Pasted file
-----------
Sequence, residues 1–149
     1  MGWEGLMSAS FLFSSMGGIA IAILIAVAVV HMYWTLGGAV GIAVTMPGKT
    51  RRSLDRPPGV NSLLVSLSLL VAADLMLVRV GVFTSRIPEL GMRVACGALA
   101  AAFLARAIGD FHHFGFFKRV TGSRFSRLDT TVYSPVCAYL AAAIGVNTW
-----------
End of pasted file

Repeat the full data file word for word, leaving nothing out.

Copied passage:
Sequence, residues 1–149
     1  MGWEGLMSAS FLFSSMGGIA IAILIAVAVV HMYWTLGGAV GIAVTMPGKT
    51  RRSLDRPPGV NSLLVSLSLL VAADLMLVRV GVFTSRIPEL GMRVACGALA
   101  AAFLARAIGD FHHFGFFKRV TGSRFSRLDT TVYSPVCAYL AAAIGVNTW